A neuropterous larva uses an allomone to attack termites

Abstract

Larvae of Lomamyia spp. (Neuroptera: Berothidae) have been tentatively associated with several types of prey since they were first identified1. In all cases, the assumed prey lived in a confined habitat–an ant nest or termite gallery2. Lomamyia latipennis Carpenter has been the most thoroughly studied of these unusual Neuroptera. The immature states were described3,4 and the association with termites strengthened using Zootermopsis angusticollis Hagen (Isoptera: Kalotermitidae) as prey for a group of larvae4. A low survival rate of the larvae suggested that another termite might be the normal host. We now report field and laboratory findings which demonstrate the predator–prey relationship between L. latipennis and the subterranean termite Reticulitermes hesperus Banks (Isoptera: Rhinotermitidae) and describe their unique method of attacking prey with an aggressive allomone.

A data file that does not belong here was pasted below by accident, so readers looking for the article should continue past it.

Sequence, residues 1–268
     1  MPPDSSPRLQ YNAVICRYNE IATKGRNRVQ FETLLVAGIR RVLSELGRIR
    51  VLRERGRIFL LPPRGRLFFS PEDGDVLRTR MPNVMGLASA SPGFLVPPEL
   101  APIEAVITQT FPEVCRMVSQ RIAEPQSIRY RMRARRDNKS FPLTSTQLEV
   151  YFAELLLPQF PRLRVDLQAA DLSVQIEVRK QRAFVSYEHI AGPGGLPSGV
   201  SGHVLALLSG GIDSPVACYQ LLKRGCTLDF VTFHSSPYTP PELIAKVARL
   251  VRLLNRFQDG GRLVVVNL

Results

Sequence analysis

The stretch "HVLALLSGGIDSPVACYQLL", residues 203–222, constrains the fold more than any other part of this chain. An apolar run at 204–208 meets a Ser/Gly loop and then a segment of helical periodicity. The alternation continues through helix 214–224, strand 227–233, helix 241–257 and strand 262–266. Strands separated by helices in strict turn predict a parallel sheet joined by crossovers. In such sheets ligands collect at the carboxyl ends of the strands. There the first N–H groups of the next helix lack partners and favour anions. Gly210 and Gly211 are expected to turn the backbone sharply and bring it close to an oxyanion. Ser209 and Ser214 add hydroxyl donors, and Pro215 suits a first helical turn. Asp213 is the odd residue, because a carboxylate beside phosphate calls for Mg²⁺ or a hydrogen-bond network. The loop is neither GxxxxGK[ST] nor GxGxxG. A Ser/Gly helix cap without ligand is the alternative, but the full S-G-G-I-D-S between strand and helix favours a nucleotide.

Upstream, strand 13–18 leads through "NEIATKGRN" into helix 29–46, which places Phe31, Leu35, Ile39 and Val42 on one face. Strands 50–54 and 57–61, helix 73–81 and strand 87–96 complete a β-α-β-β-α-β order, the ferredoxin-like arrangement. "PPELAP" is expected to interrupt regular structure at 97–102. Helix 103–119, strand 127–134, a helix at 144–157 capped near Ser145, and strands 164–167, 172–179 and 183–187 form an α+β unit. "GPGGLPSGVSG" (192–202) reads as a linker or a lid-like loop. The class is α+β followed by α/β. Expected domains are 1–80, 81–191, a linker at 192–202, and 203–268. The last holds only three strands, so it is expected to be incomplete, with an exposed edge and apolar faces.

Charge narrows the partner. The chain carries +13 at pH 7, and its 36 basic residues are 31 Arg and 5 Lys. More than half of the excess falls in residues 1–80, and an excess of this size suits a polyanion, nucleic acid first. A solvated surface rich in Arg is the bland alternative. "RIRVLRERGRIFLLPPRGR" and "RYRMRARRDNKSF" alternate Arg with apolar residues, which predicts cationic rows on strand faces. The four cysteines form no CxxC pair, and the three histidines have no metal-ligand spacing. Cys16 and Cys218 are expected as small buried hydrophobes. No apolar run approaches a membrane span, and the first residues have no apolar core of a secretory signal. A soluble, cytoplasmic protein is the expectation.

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References

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Johnson, J., Hagen, K. A neuropterous larva uses an allomone to attack termites. Nature 289, 506–507 (1981). https://doi.org/10.1038/289506a0

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